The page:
Fall 2012: Rooted in Colorado

The Agriculture Issue

Farmers play a critical role in Colorado. To support the food and fiber they provide to the rest of us, agriculture receives more than 85 percent of the state’s water deliveries. Read the latest issue of Headwaters to learn about the value of water for Colorado agriculture, how water is managed during drought years, the innovation that farmers make to survive and much more. Explore these topics by reading feature articles below or flipping through the online version of Headwaters.


Grown in Colorado

October 2, 2012 by Caitlin Coleman 

Colorado boasts ideal growing conditions for a wide range of products once water is added to the mix. The state’s farms and ranches provide a bounty that reaches 115 nations and, in Colorado, is one of the leading drivers of the state’s economy.

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A Public Resource With a Private Right to Use
October 2, 2012 by Allen Best
Colorado’s doctrine of prior appropriation is a legal system governing water’s use. A look at how the system evolved, how it actually works, and, in a watershort year like 2012, how it plays out for the state’s farmers and ranchers.
Keeping Water on the Farm
by Jerd Smith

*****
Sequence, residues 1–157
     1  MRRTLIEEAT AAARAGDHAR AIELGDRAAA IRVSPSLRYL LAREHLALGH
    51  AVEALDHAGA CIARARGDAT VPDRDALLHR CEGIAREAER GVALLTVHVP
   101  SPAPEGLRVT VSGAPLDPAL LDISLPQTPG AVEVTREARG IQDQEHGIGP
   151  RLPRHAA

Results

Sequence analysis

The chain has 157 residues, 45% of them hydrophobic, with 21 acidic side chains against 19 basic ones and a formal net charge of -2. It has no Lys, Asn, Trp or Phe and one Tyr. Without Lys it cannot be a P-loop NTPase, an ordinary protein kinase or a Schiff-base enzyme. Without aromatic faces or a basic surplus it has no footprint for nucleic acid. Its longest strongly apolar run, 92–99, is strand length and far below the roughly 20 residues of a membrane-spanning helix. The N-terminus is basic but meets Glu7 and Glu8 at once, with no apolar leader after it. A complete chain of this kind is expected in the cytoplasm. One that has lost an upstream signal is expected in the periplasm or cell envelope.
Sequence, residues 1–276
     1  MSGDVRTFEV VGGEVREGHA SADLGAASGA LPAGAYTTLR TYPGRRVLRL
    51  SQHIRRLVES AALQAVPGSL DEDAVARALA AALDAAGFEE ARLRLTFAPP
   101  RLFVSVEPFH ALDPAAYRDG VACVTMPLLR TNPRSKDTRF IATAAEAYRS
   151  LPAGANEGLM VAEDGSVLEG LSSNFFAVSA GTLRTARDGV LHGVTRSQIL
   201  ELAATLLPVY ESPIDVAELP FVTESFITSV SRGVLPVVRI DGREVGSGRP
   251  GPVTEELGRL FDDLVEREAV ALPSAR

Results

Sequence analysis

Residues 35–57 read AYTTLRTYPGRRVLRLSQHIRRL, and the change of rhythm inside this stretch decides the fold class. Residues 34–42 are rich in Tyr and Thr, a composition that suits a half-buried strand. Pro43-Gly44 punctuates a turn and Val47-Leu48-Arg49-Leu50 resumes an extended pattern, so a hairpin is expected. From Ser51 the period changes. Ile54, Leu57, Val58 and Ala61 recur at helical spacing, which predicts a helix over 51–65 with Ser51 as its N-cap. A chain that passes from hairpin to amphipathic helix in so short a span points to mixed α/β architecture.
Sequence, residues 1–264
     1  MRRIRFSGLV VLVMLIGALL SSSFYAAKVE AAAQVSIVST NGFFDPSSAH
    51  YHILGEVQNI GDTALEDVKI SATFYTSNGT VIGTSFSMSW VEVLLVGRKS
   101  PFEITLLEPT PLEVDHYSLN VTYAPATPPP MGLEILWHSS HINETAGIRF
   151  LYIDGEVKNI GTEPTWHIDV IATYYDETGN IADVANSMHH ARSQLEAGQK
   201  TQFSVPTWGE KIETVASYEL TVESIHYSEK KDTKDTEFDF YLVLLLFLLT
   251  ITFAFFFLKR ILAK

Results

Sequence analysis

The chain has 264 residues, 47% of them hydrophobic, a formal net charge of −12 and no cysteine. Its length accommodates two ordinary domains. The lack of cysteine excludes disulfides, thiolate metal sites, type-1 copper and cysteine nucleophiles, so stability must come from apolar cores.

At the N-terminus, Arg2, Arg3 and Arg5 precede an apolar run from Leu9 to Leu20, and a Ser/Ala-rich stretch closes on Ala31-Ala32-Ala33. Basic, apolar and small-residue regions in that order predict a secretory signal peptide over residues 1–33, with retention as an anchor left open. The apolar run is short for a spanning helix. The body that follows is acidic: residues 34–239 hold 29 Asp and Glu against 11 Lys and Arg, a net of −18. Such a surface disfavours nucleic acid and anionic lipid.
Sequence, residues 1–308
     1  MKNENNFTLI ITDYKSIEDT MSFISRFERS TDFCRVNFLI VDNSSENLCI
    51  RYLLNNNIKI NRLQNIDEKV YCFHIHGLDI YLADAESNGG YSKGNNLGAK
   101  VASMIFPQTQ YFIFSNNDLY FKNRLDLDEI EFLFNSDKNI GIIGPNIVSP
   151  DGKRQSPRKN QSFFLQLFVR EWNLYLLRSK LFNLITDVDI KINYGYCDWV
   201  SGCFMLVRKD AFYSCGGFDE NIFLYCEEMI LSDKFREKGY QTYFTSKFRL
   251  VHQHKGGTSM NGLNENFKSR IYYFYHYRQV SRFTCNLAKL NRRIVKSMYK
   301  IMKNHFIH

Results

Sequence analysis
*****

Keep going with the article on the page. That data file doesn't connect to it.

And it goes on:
Farms need water. Cities and industries need it too. Why creative approaches are necessary to maximize Colorado’s ability to maintain the best of both worlds.
The Ever-Evolving Farmer
by Joshua Zaffos
Access to water boosts yields and minimizes risk in an inherently risky industry, where the up-front costs are high and the returns uncertain. Faced with drought and an increasingly competitive marketplace for water rights, farmers must innovate to survive.
Climax Comes Back
by Katy Neusteter
How water resources are being protected at Leadville’s newly re-opened Climax molybdenum mine.
Colorado on Fire
by Josh McDaniel
By March, Colorado was primed for wildfire—a recap of the 2012 fire season; How fire impacts watersheds; Mitigation efforts by land and water managers that could keep eroding sediments at bay.
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